KABUL - Afghanistan on Saturday expanded the registration of new voters to more insecure rural areas ahead of a landmark presidential election next year.  The registrations, which had already begun in cities, expanded to around 400 centres in all 34 provinces for those who have turned 18, have previously not registered or have lost their voter cards.

“We are going according to our timetable, and today we are launching the second phase of voter registration,” Fazel Ahmad Manawi, head of Independent Elections Commission (IEC), told reporters in Kabul.

“As part of the plan, 399 voter registration centres, mostly in districts and villages, will open today, and this is in addition to 41 already opened in May,” he said. The registration materials have already been sent to the centres both by land and air, he said.

In May, the IEC started registering new voters for the 2014 elections opening 41 centres in primarily urban areas and registering around 130,000 new voters so far.

Four million names are expected to be added to the electoral roll, currently containing 16 million voters, before polls in April 2014, though many Afghans fear that the date could be delayed due to the threat of attack by the Taliban insurgency.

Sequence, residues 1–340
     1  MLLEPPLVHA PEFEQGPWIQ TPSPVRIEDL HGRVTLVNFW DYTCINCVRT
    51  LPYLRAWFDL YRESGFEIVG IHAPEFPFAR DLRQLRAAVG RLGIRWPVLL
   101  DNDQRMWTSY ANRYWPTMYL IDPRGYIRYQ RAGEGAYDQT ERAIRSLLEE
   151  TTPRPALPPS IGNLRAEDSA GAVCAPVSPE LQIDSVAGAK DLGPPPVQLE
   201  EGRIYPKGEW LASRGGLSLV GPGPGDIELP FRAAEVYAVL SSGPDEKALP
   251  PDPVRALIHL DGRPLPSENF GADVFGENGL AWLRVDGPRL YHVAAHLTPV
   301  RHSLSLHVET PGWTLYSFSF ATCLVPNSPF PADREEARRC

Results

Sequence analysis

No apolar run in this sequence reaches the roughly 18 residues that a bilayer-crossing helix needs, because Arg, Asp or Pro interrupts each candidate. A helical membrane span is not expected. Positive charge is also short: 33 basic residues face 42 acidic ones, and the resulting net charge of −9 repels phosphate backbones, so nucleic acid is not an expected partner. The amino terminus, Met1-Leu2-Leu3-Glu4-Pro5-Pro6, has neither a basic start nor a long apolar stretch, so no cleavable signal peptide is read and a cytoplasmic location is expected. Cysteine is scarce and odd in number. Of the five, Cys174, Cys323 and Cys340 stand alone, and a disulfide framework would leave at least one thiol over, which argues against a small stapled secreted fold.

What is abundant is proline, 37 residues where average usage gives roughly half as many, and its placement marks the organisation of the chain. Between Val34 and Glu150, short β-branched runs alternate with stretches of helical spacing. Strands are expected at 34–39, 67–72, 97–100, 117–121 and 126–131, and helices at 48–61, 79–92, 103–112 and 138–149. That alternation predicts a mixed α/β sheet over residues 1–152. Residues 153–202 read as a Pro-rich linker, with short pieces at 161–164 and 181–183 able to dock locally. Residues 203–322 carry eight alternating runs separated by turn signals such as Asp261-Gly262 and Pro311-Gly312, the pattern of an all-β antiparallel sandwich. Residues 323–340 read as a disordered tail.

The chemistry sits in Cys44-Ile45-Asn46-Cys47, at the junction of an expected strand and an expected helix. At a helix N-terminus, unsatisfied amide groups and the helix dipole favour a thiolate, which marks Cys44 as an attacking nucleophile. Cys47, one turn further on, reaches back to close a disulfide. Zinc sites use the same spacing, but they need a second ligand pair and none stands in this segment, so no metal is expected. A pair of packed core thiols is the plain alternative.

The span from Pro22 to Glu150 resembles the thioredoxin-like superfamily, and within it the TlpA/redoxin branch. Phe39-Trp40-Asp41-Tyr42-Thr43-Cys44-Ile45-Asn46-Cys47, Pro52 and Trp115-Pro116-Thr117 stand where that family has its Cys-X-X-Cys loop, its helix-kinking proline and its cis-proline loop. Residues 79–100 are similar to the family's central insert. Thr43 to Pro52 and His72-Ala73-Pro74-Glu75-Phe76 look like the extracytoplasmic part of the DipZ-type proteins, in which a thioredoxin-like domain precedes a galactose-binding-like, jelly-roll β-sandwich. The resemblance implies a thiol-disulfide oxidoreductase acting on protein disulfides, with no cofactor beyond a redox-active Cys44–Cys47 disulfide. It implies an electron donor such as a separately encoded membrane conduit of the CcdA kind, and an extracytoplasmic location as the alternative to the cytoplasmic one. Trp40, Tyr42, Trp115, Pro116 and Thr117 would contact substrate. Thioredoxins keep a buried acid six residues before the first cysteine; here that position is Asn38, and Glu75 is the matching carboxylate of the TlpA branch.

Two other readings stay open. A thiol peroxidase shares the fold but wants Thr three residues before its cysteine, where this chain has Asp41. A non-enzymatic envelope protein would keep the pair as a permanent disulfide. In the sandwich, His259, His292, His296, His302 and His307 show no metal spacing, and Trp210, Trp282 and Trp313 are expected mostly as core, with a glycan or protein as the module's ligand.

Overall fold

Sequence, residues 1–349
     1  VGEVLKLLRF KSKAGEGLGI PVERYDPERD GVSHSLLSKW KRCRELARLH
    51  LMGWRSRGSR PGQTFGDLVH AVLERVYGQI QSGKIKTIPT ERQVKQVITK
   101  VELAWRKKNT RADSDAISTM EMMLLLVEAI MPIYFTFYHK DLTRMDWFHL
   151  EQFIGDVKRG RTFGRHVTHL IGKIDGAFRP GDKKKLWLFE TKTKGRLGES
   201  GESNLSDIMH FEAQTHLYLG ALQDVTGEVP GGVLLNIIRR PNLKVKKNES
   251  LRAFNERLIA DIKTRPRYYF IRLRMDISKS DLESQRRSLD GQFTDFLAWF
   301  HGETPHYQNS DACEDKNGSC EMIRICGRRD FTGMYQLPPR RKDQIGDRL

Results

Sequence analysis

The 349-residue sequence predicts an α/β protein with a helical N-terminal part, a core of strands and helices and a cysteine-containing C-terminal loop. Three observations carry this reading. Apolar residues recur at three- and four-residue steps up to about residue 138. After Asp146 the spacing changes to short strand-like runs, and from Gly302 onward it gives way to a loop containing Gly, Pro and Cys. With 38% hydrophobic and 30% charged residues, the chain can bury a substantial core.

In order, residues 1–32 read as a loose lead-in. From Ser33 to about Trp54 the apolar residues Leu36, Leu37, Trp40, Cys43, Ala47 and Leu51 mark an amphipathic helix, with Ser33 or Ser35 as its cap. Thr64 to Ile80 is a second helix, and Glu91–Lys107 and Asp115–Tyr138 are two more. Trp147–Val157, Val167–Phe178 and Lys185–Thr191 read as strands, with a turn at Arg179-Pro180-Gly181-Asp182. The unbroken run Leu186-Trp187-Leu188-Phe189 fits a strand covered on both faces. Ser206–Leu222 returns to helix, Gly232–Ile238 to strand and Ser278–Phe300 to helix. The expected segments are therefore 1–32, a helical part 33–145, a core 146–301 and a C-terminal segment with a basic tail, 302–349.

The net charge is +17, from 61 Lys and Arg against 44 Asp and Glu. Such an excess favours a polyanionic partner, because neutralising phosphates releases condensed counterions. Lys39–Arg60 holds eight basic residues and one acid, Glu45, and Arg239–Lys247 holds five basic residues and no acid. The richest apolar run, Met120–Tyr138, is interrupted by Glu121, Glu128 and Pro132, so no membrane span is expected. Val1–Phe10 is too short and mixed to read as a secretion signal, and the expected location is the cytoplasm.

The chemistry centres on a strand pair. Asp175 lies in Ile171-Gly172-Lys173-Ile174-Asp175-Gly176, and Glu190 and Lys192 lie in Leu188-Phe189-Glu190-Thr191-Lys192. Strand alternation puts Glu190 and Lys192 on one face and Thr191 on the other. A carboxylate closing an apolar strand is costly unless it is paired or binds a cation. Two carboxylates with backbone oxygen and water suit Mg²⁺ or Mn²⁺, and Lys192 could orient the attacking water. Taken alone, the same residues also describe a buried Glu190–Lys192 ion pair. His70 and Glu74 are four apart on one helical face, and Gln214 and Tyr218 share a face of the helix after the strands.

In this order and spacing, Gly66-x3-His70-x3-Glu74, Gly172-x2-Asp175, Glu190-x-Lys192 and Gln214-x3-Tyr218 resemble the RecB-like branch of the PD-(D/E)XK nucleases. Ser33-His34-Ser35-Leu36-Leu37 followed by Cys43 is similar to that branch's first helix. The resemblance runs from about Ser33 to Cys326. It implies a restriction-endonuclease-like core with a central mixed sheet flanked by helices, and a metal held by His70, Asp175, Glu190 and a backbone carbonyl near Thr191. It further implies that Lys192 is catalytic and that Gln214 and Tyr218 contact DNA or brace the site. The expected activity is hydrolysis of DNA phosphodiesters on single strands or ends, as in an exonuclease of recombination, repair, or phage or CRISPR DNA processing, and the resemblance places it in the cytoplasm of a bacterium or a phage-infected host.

“Although we are optimistic about elections, since Afghanistan’s situation is well known to everyone, we do expect problems,” Manawi said.

Kaker in Zabul, Nawa in Ghazni, Deshu and Baghran in Helmand are districts that are not under government control and hence the registration materials have not been sent there, he said.

“If the security does not improve in those districts, we will use adjacent centres to register voters,” he said.

The presidential race slated for April 2014 is seen as a crucial step towards a legitimate government that will take over when President Hamid Karzai relinquishes power.

Karzai is constitutionally barred from running in elections after serving two terms.

The election is also seen as a key test of the success of US-led international military intervention since the Taliban regime fell in 2001.

It also remains a key test for around 350,000 Afghan security forces who have recently taken the full security responsibility from NATO, as the force completes its withdrawal next year.